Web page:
Kenyatta Risks ‘Pyrrhic Victory’ If Kenya Goes Ahead With Election

By Felix Njini and Michael Cohen

Kenyan President Uhuru Kenyatta is certain to win re-election in Thursday’s vote rerun after his main rival, Raila Odinga, withdrew from the race, but his victory could prove to be a hollow one.

“It would be a Pyrrhic victory for Kenyatta, especially if opposition strongholds boycott as they have promised,” said Nanjala Nyabola, a Nairobi-based independent political analyst. “It may have serious implications for his ability to govern.”

A supporter of Kenya’s president Uhuru Kenyatta salutes from a crowd in Nairobi on Monday, Oct. 23, 2017. Photographer: Luis Tato/Bloomberg
A supporter of Kenya’s president Uhuru Kenyatta salutes from a crowd in Nairobi on Monday, Oct. 23, 2017.
Photographer: Luis Tato/Bloomberg

The Supreme Court, which annulled the Aug. 8 vote, said Wednesday it couldn’t hear a petition to cancel the rerun because of a lack of a quorum. On Monday, Western envoys proposed a delay, which electoral commission Chairman Wafula Chebukati has indicated he also favors by saying he can’t guarantee the election will be credible and is meeting opposition to carrying out reforms from other commissioners. Kenyatta, 55, wants the ballot go ahead.

An open-ended opposition rejection of Kenyatta’s right to hold office would exacerbate a political standoff that’s already unnerved investors, scared off tourists and dragged down the nation’s stocks and international bonds. As many as 67 people have died in protests since the last vote results were announced, according to rights groups such as Amnesty International, and the opposition has vowed to stage protests until its demands for electoral reform are met.

Restraint Urged

World figures from Pope Francis to United Nations Secretary-General Antonio Guterres have joined calls for restraint.

There’s a risk that Kenya could be plunged into chaos should the Independent Electoral & Boundaries Commission forge ahead with the vote, said Ndung’u Wainaina, executive director at the International Center for Policy and Conflict.

“The IEBC can invoke constitutional provisions and call off the election,” Wainaina said by phone from Nairobi. If it does go ahead, “they should be prepared to live with the consequences,” he said.

The European Union and the Atlanta-based Carter Center both announced they’re reducing the size of their delegations to monitor the elections, citing security concerns.

“We have assessed the safety of our observers considering the extreme tension, disruptions of polling preparations, and strong criticism that has been made of the international community,” the EU Election Observation Mission said in an emailed statement. “Based on this, we have had to reconsider the extent to which we can observe across the country.”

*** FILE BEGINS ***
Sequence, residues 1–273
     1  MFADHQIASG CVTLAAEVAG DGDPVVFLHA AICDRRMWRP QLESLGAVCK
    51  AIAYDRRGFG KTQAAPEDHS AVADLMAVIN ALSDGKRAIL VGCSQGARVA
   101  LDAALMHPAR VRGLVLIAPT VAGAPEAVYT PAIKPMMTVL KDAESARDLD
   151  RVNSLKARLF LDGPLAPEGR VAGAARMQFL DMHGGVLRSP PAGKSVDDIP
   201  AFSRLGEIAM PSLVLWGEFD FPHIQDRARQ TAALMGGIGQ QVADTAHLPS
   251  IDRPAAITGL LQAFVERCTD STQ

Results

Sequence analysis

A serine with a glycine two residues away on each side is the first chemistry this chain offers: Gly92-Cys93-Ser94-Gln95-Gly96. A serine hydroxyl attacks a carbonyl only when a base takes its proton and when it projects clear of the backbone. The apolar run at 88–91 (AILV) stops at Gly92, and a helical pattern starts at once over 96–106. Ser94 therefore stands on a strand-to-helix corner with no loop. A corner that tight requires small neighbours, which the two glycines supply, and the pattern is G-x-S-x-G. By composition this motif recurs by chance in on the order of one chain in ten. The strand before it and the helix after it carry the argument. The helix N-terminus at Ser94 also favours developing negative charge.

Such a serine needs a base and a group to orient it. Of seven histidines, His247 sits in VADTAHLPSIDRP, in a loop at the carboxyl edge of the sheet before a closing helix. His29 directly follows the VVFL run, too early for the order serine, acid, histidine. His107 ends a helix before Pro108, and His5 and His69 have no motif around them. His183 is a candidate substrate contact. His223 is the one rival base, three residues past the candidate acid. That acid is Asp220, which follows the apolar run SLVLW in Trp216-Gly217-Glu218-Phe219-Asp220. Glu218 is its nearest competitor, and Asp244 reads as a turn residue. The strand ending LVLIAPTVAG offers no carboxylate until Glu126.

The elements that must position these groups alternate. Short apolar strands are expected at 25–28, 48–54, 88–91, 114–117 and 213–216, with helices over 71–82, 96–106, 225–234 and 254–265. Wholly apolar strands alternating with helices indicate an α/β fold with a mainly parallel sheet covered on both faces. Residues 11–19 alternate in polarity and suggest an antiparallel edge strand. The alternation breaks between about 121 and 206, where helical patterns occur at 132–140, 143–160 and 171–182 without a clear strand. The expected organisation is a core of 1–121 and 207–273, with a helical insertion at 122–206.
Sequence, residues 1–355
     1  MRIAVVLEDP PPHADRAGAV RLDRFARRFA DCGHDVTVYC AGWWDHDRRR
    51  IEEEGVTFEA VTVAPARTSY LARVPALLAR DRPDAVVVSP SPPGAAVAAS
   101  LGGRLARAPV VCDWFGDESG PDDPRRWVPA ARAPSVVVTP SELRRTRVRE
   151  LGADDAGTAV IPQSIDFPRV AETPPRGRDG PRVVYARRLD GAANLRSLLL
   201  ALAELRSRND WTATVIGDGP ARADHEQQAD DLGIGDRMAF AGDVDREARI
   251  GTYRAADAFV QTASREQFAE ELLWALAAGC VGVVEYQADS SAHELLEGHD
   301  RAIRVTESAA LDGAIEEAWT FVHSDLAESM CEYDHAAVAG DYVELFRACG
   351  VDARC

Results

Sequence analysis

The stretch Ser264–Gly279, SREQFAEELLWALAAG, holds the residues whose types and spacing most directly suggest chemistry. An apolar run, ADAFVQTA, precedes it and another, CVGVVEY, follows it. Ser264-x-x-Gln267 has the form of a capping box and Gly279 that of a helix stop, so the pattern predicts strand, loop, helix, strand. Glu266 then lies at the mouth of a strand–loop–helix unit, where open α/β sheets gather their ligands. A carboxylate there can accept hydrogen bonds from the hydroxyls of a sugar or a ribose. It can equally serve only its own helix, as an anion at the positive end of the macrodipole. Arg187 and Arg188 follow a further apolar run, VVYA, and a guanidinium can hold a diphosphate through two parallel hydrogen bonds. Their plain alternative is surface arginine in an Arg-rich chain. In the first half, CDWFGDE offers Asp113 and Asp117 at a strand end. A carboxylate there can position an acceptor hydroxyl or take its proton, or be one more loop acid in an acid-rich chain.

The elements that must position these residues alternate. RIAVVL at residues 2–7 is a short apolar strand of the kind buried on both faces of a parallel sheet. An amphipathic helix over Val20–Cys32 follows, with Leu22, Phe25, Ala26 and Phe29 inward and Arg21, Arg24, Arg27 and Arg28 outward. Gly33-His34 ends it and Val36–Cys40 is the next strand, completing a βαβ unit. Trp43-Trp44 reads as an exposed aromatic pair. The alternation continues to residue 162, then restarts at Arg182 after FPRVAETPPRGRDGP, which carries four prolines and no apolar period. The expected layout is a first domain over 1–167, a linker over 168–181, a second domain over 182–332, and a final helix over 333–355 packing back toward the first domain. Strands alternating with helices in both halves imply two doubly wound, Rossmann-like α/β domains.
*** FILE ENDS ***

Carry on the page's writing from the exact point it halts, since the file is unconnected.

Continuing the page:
Election Violence

Two months of ethnic violence that followed a disputed 2007 vote showed just how violent Kenyan politics can turn — more than 1,100 people were killed and about 350,000 were forced to flee their homes. The unrest hammered the economy, with the growth rate plummeting to 1.7 percent in 2008, from 7.1 percent a year earlier. Kenya is the East African hub for companies including General Electric Co. and Toyota Motor Corp.

Investor unease is evident in the financial markets. The Nairobi Securities Exchange All Share Index has fallen the most in Africa since the election outcome was declared void on Sept. 1, according to data compiled by Bloomberg. The government’s international bonds due in 2024 have also dropped since then, with yields climbing 29 basis points to 6.31 percent.

Odinga, 72, pulled out of the contest after the nation’s electoral commission rejected his demands to fire staff who oversaw the previous botched vote that handed victory to Kenyatta.

‘Millions Disenfranchised’

“A leading candidate who garnered more than six million votes has withdrawn from the race,” Chebukati said in a statement last week. “While it is his right, we must think beyond him and think of the six million Kenyans who will feel disenfranchised by this action. Do we just go on as if withdrawal means nothing?”

Odinga described the election as a “sham exercise that is being forced upon the nation” and called on the electoral commission to do the honorable thing and call it off. William Ruto, Kenyatta’s deputy, accused the opposition of “running away from a humiliating defeat,” while acknowledging that its withdrawal may erode the election’s legitimacy.

“Everything seems to be going the way of the election taking place,” Alex Benkenstein, head of the South African Institute of International Affairs’ Governance of Africa’s Resources Programme, said by phone. “The ballot papers are there, all the machinery is moving forward, but potentially you could still have a turnaround in the final hour. Certainly there are legitimate grounds for the IEBC to ask for a postponement.”

Robert Besseling, executive director of political risk advisory firm EXX Africa Ltd., sees no quick fix to the political standoff.

“This is no longer an election which is in the hands of the Kenyan voters,” he said in an interview in Cape Town. “This is an election which is in the hands of the judiciary and of the key power brokers in Kenya. This is not just a political, electoral process any more. Everything is open to legal or constitutional challenge. Essentially there is a vacuum in place in Kenya at the moment.”


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